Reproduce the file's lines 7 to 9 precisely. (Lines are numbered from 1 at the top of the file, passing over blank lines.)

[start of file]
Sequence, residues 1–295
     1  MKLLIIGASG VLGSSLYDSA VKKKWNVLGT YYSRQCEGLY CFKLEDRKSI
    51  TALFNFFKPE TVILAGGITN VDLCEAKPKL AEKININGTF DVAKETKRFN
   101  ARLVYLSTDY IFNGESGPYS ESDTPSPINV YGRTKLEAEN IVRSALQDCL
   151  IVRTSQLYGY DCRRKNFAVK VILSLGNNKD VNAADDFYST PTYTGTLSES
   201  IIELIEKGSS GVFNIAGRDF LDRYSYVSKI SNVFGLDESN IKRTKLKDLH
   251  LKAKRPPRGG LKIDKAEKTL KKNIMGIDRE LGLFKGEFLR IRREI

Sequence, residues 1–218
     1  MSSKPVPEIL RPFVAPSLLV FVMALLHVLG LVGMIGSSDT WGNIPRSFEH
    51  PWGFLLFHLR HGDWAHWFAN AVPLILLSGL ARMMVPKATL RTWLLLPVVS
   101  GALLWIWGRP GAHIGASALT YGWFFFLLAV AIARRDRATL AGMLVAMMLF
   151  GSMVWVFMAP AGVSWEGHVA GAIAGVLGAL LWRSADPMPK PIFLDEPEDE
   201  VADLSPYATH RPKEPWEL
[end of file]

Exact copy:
   251  LKAKRPPRGG LKIDKAEKTL KKNIMGIDRE LGLFKGEFLR IRREI

Sequence, residues 1–218
     1  MSSKPVPEIL RPFVAPSLLV FVMALLHVLG LVGMIGSSDT WGNIPRSFEH